The treatment of celiac disease (CD) consists in a lifelong strict gluten-free diet (GFD). Nonadherence to the GFD may lead to complications such as diarrhea, abdominal pain, anemia, osteoporosis, infertility and cancer (1). For many patients, adherence to the diet may be difficult to achieve (2-5). This seems to be particularly true among adolescents with CD. In Europe, the compliance with the GFD by young people varies between 52% and 81% (6-11). In addition, adherence to a GFD may have negative nutritional consequences (12,13). Mariani et al (11) reported that 72% of the Italian adolescents with CD adhering strictly to the diet were overweight and consumed an unbalanced diet rich in fat and protein, poor in carbohydrate and deficient in calcium, iron and fiber. In The Netherlands, there is no information on the nutritional intake and dietary compliance by young people with CD. Therefore, we evaluated the nutritional management of the GFD and the nutritional state in celiac patients aged 12 to 25 years, an age group with an expected poor compliance.
MATERIALS AND METHODS
In January 2000, the Dutch Celiac Society invited all its 395 members in the age category 12 to 25 years to participate in the study. Inclusion criteria were diagnosis of CD based on at least one small-intestinal biopsy showing histological abnormalities characteristic of CD(14) and a good knowledge of the Dutch language. Nonresponders (age and sex known) were sent a reminder after 2 months. We used anonymous information from the nationwide network and registry of histopathology and cytopathology in The Netherlands (PALGA) to check the total number of CD patients in The Netherlands aged 12 to 25 years at the start of the study. The reported diagnosis of CD of the responders was cross-checked by means of the information provided by PALGA. Only confirmed CD patients were included in the study. Nonparticipants were asked some additional questions concerning body weight, height and educational level.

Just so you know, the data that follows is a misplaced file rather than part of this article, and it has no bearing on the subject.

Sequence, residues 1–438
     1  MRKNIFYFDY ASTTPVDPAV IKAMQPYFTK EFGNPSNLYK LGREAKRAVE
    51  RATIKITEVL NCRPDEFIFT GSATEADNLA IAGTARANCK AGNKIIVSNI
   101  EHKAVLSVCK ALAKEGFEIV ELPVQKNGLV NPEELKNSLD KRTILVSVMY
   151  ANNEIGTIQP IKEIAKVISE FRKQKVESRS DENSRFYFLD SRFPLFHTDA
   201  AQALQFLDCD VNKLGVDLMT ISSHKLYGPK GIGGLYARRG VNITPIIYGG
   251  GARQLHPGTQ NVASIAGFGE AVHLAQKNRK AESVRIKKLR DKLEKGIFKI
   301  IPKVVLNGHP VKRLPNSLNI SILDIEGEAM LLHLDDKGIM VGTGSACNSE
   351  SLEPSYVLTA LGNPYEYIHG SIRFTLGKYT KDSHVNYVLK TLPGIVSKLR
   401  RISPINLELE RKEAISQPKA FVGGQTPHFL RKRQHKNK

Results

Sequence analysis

A 34-item questionnaire was composed in collaboration with the Dutch Nutrition Centre. This questionnaire was based on a 2-hour focus group interview with 10 CD patients in the target age category. Under the direction of a trained facilitator (MH), the focus group members were encouraged to express their perceptions and opinions about living with CD and adhering to a GFD. The questionnaire was pretested individually by 4 celiac patients (1 aged 12 years, 2 aged 14 years and 1 aged 19 years) in presence of the investigator (EGDH). Patients were asked to fill in a 3-day food record (2 weekdays and 1 weekend day) in household measures and to precisely note the name of the manufacturer of the product used. The food records were analyzed for total energy and macronutrient intake, saturated fat, vitamins B1, B2, B6, iron, calcium and fiber intake, according to the Dutch Food Composition Table 1996 (15), using the computerized nutrition calculating program (BECEL 5, The Netherlands). The data were compared with both the Dutch (DRDA)(16) and American recommendations (ARDA)(17,18) and the General Dutch Population (GDP)(19) for which the total group had to be divided in the age categories less than 13, 13 to 16, 16 to 19, 19 to 22 and 22 to 25 years. For comparison, the sex distribution in the different age categories was taken into account. Because there are no data on gluten content of food products, the gluten intake reported by the patients in their questionnaires was approximately estimated using the information in the Draft Revised Standard for gluten-free foods of the Codex Alimentarius Commission from the year 2000, (20) that stated that the total content of gluten in wheat-starch based gluten-free products should not exceed 200 ppm (20 mg gluten per 100 g). For the gluten-containing products, we used the estimation method from Overbeek et al (21) that consists on multiplying the grams of vegetable protein by 0.8. For products of which is known that they may contain gluten, but the amount of gluten could not be estimated because of a rounded number of zero grams protein in the food composition table, the 20 mg gluten per 100 g was used for calculations.